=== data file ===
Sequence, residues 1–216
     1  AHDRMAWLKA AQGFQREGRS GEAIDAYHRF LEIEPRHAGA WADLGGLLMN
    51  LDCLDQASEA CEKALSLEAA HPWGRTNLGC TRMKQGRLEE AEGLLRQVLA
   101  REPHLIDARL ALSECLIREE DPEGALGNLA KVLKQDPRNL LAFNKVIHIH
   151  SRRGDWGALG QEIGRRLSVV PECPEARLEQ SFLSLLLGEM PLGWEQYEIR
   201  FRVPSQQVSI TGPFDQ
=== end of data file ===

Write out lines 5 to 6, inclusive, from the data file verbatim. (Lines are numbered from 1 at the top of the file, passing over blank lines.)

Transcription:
   151  SRRGDWGALG QEIGRRLSVV PECPEARLEQ SFLSLLLGEM PLGWEQYEIR
   201  FRVPSQQVSI TGPFDQ